The North York Moors National Park contains the largest continuous expanse of open heather moorland in England. These wild and remote moors have a wild drama of their own and are home to precious wildlife such as curlew and merlin. The Park comes to an abrupt end at high cliffs on the east coast, interspersed with wide sweeping bays and with attractive fishing villages such as Robin Hood's Bay and Staithes huddled against the cliffs. Two long distance paths immerse the walker in the glories of the Moors. The Cleveland Way National Trail follows the northern perimeter across heather moorland and continues down the Heritage coast; the Lyke Wake Walk defiantly crosses the highest open moorland from Osmotherley to Ravenscar. But there are numerous circular day walks in which you can explore and savour the moors, all of which are included in the guides listed.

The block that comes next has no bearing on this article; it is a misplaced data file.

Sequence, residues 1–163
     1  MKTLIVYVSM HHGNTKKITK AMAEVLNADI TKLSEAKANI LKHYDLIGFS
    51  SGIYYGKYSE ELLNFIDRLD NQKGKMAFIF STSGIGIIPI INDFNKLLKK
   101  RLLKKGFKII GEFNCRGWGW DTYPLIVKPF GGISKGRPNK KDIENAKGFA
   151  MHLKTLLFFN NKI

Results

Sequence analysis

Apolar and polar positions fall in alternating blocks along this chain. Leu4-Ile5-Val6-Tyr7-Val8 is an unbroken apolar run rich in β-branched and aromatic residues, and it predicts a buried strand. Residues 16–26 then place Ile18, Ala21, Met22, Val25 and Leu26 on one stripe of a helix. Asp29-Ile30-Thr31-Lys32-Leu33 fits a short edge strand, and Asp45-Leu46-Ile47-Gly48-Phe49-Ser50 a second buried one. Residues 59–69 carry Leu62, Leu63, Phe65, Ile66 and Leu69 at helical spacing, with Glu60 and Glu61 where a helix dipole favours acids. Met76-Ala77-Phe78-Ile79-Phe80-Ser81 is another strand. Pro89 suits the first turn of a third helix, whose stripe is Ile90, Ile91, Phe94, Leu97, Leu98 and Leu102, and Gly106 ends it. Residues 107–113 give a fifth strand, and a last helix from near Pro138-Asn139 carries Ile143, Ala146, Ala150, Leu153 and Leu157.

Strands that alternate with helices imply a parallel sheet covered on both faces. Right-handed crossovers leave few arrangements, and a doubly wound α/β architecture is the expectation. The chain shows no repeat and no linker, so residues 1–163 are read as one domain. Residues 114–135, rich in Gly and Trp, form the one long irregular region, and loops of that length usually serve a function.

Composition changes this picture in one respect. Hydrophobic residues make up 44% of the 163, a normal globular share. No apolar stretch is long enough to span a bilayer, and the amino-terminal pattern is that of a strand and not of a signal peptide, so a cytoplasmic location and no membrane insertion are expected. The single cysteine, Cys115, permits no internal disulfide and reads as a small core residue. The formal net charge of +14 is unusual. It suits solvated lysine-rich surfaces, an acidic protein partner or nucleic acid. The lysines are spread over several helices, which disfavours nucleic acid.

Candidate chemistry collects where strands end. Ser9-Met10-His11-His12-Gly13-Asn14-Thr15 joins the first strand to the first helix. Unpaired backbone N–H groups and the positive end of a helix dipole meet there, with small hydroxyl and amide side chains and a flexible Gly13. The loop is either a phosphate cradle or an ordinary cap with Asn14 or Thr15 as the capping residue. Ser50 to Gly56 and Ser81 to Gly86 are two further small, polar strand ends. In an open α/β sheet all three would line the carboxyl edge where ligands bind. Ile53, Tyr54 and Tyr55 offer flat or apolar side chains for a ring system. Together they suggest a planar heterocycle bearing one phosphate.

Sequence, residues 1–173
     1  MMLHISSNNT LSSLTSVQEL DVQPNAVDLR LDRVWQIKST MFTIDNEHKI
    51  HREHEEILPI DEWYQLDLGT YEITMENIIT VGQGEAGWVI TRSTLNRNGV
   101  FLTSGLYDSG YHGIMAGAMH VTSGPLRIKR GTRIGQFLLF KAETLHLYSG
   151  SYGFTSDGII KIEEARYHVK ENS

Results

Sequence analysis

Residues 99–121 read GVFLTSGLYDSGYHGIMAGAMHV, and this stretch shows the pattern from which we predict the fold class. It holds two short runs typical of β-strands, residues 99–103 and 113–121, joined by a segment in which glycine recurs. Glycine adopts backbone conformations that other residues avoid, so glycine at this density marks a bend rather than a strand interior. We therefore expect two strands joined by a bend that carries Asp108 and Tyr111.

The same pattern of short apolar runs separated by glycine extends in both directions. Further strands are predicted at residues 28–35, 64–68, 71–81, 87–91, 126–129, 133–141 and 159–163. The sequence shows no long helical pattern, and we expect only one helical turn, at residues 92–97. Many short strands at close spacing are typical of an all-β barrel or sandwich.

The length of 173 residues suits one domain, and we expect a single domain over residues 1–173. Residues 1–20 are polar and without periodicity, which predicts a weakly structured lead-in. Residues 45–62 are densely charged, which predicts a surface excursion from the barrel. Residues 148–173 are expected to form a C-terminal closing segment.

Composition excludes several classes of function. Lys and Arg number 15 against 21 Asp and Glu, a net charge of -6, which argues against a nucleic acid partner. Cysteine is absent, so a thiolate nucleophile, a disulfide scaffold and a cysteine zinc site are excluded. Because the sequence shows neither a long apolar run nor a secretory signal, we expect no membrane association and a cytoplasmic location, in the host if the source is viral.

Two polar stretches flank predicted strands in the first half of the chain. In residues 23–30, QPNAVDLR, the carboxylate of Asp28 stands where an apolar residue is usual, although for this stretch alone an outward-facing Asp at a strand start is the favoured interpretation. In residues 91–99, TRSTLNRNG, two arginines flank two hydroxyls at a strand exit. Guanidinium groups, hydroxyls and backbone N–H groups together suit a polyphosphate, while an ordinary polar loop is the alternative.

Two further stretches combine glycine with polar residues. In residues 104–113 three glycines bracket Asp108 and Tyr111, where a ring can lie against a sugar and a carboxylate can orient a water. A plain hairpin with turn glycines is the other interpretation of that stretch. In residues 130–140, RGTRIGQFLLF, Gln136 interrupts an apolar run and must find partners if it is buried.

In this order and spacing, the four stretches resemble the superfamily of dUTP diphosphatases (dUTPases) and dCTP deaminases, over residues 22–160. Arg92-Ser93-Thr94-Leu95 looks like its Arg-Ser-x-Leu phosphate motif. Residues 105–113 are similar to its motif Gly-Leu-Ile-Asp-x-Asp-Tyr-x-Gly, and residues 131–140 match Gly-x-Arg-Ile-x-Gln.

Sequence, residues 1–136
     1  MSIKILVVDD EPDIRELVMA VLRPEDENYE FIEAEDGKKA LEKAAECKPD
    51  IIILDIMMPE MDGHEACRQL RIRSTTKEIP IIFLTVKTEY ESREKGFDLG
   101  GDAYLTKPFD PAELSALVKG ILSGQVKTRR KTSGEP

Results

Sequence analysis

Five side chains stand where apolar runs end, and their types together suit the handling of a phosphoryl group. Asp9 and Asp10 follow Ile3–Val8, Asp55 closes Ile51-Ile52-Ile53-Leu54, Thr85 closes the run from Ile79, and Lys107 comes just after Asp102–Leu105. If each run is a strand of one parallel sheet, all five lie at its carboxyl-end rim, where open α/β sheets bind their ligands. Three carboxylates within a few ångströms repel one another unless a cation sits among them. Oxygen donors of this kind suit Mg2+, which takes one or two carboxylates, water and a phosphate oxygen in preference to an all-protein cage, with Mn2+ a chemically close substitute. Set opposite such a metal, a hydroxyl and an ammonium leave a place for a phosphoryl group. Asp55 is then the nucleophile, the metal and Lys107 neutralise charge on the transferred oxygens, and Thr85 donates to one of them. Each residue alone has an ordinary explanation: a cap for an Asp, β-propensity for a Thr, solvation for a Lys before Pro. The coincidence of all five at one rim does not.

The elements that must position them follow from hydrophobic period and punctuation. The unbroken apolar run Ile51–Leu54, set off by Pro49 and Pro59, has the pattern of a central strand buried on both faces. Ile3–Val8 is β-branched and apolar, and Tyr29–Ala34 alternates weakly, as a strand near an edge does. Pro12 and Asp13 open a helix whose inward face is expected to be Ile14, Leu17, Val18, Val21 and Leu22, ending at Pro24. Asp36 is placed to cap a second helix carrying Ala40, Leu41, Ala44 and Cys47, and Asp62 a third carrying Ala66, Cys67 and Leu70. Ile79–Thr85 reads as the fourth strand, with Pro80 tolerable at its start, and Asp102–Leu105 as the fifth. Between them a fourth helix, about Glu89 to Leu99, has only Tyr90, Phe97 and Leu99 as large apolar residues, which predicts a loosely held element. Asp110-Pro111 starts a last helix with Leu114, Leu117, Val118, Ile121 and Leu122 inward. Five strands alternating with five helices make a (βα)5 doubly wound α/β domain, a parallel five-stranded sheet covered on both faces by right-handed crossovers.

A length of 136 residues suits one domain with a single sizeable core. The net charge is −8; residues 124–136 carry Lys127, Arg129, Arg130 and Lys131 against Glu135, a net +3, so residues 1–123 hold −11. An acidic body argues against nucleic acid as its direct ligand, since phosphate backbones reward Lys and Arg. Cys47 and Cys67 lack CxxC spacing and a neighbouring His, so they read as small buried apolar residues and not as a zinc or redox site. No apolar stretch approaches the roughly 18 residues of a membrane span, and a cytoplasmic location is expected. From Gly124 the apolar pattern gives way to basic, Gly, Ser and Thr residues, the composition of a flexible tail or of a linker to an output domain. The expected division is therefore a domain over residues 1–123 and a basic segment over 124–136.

The delightful, rolling Hambleton Hills, on the edge of the North York Moors, provide excellent walking country and hold many surprises: the imposing medieval remains of Rievaulx Abbey and Helmsley Castle; picturesque villages like Coxwold and Kilburn; landmarks such as the White Horse of Kilburn, Sutton Bank and Lake Gormire; and surrounding all are miles of open moorland just waiting to be explored. The Cleveland Hills, with their rugged, swarthy appearance, stretch from Teeside in the north, through the Guisborough Moors, to the imposing Cleveland Escarpment, and beyond to the foot of the Hambletons. The area includes the picturesque villages of Great Ayton and Osmotherley; hidden valleys like Bilsdale and Scugdale; and landmarks such as Roseberry Topping.